Monday, July 24, 2017

In memory of my father

Soldiers of the 96th,
we are your families.
We are your wives, sons, daughters,
grandchildren, great-grandchildren,
and all those who bore your children
or share your bloodline.

Your legacy comes down to us
in books, in movies,
and in black-and-white photos
that show ordinary men
working, playing, taking a break,
training in the snow for a war in the Pacific,
and sailing thousands of miles
to places that had no Kansas wheat fields,
no Iowa corn,
no Ozarks or Appalachians;
places with strange names like
Buri, Dagami, Shuri, and Medeera;
and with hills and ridges that we gave our own names to
and would long remember in our dreams and nightmares:
Hen Hill, Conical Hill,
Hacksaw Ridge, and The Big Apple.

So many of you never returned,
reaching your end in rifle fire,
a hail of machine-gun bullets,
or an exploding shell.
Those of you who did return
were not the ones we had sent overseas;
you bore their names,
but you carried dark secrets
that you would not share with us;
secrets that clouded your thoughts during the day,
and spawned terrible nightmares after dark --
Nightmares so real that you might mistake your lover
for a Japanese soldier
and find yourself shouted awake
with your hands at her throat.

We could not condemn you later
for drowning those demons in alcohol,
or silencing them with a bullet.

But amazingly, some of you
chose to live, love, and work again
in the country that had sent you away.
Look at me; nearly seventy years ago,
one of you chose to marry, build a home,
and create and support a family of five.
Only two of us remain,
but we remember,
and stand in awe at what you accomplished.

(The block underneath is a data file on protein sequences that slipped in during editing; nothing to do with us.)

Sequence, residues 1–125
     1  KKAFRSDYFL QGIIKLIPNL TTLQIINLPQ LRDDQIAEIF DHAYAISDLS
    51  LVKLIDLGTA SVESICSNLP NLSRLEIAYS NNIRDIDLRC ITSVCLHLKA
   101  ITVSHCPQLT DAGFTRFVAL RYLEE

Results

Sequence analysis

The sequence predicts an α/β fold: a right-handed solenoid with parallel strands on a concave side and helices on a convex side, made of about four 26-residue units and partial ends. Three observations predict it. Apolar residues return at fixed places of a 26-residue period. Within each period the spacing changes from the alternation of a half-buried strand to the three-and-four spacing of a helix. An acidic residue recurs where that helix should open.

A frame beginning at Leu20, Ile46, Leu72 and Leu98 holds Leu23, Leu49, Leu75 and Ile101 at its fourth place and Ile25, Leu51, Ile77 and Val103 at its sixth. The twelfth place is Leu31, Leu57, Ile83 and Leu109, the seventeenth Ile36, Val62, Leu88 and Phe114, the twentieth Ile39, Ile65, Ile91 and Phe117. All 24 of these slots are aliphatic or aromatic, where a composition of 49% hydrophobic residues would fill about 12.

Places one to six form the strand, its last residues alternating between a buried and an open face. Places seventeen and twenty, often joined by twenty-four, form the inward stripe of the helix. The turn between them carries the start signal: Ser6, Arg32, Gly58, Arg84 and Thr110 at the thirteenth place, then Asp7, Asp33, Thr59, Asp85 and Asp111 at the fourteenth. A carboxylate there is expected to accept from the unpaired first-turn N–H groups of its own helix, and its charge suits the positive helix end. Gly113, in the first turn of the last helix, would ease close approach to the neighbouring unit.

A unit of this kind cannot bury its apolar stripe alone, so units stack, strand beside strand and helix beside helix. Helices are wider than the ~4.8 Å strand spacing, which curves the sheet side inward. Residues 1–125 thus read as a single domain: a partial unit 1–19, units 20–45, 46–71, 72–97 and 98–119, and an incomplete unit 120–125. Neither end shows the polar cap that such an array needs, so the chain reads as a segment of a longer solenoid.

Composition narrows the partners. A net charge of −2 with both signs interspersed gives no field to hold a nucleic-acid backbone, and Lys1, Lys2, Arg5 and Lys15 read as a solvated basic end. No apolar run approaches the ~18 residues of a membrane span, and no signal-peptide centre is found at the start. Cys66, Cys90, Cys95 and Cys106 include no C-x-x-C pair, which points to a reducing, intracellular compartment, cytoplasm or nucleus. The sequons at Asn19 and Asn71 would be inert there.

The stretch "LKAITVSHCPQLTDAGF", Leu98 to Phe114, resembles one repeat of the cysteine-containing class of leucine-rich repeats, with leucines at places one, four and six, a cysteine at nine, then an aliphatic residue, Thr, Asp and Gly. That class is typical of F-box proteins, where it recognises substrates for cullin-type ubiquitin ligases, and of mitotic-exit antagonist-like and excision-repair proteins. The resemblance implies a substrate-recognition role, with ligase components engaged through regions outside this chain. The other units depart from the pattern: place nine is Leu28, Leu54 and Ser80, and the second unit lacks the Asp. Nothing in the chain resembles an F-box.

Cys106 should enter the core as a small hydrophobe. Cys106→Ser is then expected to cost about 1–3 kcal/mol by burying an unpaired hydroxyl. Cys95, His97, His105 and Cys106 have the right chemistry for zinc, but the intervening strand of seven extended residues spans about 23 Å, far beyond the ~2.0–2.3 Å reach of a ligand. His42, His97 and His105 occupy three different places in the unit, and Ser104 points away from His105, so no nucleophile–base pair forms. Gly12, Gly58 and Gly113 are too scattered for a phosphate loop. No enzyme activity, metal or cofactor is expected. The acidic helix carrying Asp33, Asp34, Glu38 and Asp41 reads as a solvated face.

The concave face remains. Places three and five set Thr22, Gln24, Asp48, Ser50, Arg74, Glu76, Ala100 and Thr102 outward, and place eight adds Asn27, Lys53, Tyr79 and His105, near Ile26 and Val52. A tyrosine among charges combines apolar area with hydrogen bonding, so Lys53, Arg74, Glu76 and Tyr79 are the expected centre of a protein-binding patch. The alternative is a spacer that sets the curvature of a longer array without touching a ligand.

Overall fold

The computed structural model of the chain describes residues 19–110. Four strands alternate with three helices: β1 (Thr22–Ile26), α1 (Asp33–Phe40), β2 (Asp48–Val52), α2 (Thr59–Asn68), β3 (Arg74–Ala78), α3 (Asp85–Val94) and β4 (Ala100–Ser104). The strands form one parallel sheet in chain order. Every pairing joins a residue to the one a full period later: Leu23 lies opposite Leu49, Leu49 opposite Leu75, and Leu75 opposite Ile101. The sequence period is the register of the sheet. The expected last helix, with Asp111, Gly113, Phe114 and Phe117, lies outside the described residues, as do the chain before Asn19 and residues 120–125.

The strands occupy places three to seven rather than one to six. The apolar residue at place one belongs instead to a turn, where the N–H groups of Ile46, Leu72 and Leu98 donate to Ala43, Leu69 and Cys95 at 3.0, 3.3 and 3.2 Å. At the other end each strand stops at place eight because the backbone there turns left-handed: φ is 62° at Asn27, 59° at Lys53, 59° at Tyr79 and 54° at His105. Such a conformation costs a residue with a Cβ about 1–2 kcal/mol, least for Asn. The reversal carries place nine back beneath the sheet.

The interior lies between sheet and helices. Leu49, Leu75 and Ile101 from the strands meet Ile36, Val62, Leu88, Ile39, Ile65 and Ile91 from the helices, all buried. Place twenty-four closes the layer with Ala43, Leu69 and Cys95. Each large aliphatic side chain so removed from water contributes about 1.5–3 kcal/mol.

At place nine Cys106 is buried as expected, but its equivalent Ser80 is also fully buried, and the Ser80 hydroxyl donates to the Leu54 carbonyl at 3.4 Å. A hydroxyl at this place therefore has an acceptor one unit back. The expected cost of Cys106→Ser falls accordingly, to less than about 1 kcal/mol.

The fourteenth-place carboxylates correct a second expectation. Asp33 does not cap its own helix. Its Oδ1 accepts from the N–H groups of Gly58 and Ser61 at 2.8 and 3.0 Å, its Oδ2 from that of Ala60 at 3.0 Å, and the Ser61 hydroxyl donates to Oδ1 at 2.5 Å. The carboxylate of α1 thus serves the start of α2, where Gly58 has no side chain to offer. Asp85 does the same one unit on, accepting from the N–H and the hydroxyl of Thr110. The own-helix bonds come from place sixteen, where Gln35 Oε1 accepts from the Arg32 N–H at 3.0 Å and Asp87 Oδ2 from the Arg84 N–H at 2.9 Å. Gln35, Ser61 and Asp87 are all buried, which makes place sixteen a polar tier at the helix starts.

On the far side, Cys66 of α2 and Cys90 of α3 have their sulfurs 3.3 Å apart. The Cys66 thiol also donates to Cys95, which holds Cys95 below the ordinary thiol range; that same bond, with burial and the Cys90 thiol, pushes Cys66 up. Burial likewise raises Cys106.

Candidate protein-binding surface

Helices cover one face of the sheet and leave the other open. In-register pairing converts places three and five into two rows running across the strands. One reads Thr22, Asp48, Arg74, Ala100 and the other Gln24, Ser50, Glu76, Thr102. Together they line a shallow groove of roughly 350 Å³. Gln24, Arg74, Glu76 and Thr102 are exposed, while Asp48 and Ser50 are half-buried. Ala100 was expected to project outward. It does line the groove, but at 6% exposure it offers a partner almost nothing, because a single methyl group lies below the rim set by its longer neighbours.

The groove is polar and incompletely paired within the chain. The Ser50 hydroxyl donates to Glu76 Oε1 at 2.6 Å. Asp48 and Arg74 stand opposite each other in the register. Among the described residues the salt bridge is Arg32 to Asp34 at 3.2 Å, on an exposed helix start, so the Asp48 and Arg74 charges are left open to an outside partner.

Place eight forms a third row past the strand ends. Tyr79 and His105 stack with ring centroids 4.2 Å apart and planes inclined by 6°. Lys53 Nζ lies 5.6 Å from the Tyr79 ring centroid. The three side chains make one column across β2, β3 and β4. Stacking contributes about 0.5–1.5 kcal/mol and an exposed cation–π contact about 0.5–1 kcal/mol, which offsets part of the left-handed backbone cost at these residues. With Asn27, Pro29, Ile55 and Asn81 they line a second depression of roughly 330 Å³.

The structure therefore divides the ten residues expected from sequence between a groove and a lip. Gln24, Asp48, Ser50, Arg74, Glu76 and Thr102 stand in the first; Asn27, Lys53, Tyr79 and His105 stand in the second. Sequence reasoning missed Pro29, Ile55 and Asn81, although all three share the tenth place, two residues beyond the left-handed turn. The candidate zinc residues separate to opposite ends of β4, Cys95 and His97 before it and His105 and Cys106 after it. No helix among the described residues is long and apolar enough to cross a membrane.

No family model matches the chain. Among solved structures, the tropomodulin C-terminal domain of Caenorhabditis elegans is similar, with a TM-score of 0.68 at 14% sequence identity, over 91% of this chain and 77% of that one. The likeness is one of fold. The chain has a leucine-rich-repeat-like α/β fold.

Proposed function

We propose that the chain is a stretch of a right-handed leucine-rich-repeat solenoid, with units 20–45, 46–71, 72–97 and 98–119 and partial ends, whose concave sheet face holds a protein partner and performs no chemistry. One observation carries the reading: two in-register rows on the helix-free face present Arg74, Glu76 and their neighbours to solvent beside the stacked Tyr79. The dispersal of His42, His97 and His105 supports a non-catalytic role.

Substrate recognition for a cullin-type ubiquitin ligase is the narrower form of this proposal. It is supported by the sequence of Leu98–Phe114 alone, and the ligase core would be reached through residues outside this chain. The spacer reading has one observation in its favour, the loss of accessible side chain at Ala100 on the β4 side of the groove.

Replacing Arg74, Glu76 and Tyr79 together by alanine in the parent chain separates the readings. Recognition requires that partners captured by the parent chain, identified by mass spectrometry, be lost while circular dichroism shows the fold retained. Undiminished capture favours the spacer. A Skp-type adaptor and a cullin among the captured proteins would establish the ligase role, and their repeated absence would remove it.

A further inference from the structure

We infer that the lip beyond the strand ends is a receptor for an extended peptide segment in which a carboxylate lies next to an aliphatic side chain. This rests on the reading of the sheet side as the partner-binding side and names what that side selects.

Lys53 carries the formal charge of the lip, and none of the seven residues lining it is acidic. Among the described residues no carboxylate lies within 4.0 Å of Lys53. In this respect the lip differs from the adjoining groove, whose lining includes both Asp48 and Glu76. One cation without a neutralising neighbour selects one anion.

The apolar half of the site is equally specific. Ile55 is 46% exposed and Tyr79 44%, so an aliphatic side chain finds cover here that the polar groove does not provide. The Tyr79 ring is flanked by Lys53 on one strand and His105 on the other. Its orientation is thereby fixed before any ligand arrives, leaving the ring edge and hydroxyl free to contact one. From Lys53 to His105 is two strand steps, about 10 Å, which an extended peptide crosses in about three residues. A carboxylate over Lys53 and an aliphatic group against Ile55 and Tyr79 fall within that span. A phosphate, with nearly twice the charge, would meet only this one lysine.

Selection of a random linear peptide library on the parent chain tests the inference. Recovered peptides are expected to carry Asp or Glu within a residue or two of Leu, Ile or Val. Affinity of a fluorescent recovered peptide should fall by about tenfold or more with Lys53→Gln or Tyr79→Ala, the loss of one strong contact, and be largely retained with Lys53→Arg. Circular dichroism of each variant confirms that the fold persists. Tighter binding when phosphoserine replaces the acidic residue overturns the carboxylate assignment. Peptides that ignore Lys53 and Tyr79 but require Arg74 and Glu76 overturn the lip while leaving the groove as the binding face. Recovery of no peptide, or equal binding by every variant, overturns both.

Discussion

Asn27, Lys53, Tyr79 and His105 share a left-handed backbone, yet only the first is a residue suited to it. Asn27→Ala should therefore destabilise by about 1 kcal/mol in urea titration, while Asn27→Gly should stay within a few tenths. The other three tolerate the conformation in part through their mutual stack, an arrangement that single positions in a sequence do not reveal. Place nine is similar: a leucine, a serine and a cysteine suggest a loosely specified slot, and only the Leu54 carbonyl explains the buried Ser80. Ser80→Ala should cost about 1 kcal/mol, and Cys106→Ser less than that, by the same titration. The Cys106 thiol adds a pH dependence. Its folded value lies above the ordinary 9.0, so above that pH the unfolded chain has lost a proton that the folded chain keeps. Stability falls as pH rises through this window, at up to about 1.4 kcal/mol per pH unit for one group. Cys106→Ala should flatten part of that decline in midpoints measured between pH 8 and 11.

Despite your pain, you worked 72 hours a week for 20 years
to support that family and watch its children grow.
You stopped only when the oil company that sponsored you
declared you too old to be of service to them.
Deprived of your ability to serve others,
only five years passed before disease took hold of you
and slowly erased your mind and memories
over the next eight years,
until nothing remained.

Your ashes sit atop a high point of land
that now looks westward across the same Pacific
through which you sailed to hell and back.
Your devoted wife, my mother, sits close beside you
under a stone that proudly proclaims your union and service.
I hope to join you there some day.

Few will notice your memorial
among the thousands of other stones there,
but it is my hope that some will remember you,
as we do here today.
Soldier, leader, husband and father
we thank you for your service
and your inspiration.

1 comment:

Wayne Farmer said...

The above poem is a tribute to my father, SSgt George William Farmer of the US Army, 96th Infantry Division, 381st Infantry Regiment, Company G, 2nd Battalion. During World War II he fought and survived the land attacks against the Japanese Army on Leyte and Okinawa, earning a Bronze Star and a Purple Heart.